New York Knicks: RJ Barrett draws unique comparison to Kawhi Leonard

New York Knicks (Photo by Stephen Gosling/NBAE via Getty Images)
New York Knicks (Photo by Stephen Gosling/NBAE via Getty Images) /

New York Knicks head coach David Fizdale said he sees similarities between RJ Barrett and Kawhi Leonard, but not for the reasons anyone would expect.

RJ Barrett‘s rookie season has started as well as the New York Knicks could have hoped. From a double-double against the Chicago Bulls to a 26-point effort against the Boston Celtics at home, he is tracking towards an NBA Rookie of the Year-esque campaign.

Barrett has found success at just 19 years old, and there is potential for him to continue this quick growth sooner than later.

Comparisons vary for each NBA player. Sometimes, they fit well. Other times, they skew in another direction. It is probably too early to decide who Barrett compares to the most, but Knicks coach David Fizdale sees his Kawhi Leonard in his star first-year player—somewhat.

Per Marc Berman of the New York Post, Fizdale said he never sees Barrett “break a sweat” on the court, and Leonard is the only other player he has seen do the same:

"“He’s really put together. There’s times he’s not sweating and I’m like, ‘Are you going hard?’” Fizdale said, “But he is. He’s playing really hard. The only other guy I saw who I’ve coached against that doesn’t look like is breaking a sweat is Kawhi. Kawhi doesn’t look like he’s breathing (hard). RJ has that same act where he’s out there, his face doesn’t change and he’s going about his business.’’"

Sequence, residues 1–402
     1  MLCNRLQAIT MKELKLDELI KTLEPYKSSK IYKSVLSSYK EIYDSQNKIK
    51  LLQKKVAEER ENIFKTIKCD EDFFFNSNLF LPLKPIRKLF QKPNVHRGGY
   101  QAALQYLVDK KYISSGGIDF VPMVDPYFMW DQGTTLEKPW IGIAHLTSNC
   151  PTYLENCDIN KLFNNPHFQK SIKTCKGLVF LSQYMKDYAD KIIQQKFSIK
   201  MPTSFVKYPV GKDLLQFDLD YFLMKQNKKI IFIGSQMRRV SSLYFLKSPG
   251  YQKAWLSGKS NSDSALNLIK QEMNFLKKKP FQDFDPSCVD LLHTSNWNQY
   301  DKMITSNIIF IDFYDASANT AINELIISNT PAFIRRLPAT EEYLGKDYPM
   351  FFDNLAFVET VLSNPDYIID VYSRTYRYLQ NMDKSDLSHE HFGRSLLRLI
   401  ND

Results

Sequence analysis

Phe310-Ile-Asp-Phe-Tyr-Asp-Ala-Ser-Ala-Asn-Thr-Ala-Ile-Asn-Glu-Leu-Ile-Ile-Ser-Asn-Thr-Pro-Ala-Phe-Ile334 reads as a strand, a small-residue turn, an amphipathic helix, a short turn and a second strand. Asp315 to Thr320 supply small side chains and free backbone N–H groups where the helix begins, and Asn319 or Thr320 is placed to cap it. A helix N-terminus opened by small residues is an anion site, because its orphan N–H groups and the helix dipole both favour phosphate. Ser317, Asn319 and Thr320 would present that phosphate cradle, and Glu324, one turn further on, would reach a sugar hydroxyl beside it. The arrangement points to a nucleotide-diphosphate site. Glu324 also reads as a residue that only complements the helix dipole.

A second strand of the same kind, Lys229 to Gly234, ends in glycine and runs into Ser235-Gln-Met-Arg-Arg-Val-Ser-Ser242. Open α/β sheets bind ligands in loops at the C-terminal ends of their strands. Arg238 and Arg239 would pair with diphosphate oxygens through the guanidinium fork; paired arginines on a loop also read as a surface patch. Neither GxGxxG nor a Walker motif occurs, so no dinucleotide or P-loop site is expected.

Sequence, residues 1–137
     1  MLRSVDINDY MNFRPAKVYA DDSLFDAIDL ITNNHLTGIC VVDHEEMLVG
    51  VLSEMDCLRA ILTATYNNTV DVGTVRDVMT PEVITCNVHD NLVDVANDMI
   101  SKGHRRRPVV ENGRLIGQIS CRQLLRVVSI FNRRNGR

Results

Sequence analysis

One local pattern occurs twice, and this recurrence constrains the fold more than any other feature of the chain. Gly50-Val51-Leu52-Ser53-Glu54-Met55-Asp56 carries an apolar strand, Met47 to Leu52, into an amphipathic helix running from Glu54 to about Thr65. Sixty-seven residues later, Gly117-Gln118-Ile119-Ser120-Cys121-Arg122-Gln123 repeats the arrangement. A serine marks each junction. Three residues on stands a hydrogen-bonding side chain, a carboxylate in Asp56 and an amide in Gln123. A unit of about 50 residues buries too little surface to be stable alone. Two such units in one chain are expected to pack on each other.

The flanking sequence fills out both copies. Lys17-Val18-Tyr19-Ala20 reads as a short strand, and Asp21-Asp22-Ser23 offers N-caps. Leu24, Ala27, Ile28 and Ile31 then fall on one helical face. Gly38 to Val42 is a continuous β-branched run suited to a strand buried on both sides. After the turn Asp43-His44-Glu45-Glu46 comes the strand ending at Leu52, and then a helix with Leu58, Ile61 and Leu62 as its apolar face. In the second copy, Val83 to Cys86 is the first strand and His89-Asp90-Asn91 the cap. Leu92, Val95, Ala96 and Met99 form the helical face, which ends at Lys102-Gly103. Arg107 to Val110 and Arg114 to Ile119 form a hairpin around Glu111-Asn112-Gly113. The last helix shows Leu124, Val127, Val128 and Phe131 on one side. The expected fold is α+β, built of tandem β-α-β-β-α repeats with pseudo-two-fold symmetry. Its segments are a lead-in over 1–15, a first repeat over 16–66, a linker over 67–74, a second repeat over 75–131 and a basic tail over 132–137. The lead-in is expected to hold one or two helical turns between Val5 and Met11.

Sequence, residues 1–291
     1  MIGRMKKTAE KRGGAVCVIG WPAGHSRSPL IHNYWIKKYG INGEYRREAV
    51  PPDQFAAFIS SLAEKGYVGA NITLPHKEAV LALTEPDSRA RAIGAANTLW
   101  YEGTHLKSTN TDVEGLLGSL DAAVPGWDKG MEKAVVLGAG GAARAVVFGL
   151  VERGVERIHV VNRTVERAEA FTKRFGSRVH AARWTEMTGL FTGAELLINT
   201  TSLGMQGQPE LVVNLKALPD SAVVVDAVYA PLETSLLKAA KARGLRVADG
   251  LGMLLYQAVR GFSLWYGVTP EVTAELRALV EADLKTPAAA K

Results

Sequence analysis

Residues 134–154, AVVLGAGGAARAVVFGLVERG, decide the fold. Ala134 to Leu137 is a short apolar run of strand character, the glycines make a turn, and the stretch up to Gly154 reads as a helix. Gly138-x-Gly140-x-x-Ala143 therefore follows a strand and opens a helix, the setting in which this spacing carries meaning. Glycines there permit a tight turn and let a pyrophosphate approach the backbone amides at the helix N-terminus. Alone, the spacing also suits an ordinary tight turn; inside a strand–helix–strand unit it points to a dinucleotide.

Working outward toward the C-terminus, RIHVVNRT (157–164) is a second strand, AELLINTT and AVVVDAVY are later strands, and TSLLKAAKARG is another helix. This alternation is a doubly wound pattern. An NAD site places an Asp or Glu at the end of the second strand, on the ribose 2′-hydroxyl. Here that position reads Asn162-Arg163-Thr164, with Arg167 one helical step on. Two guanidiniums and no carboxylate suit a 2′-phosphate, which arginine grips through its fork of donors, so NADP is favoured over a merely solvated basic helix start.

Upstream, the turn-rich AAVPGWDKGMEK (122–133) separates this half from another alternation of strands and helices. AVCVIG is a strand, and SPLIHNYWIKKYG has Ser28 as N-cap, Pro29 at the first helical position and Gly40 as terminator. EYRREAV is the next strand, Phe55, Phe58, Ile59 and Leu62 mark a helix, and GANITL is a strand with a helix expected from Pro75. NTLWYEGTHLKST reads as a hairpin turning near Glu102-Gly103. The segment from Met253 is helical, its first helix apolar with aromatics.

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While it is not a skill comparison, this is still high praise for Barrett, especially given how small of a sample size he has for the Knicks, in front of Fizdale and the rest of the organization.

Thus, as Berman added, Barrett continues to receive heavy minutes; he has not played fewer than 31 minutes in a game this season, topping out at 40 against the Bulls, while averaging 36.5 per game.

Wear and tear are realistic as the season progresses, and for a player who played an abbreviated schedule in 2018-19 compared to the rigors of the NBA’s 82-game season. Perhaps it never happens, and Fizdale continues to have the same, tireless version of the Duke product throughout the year, but when there are multiple games in a week and strings of back-to-back nights, it could take a roll.

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Through six games, Barrett has averaged 17.7 points, 6.5 rebounds, 3.3 assists and 1.5 steals on 44.1 percent shooting. He is the team’s leading scorer, with Marcus Morris (16.2) and Julius Randle (14.3) behind.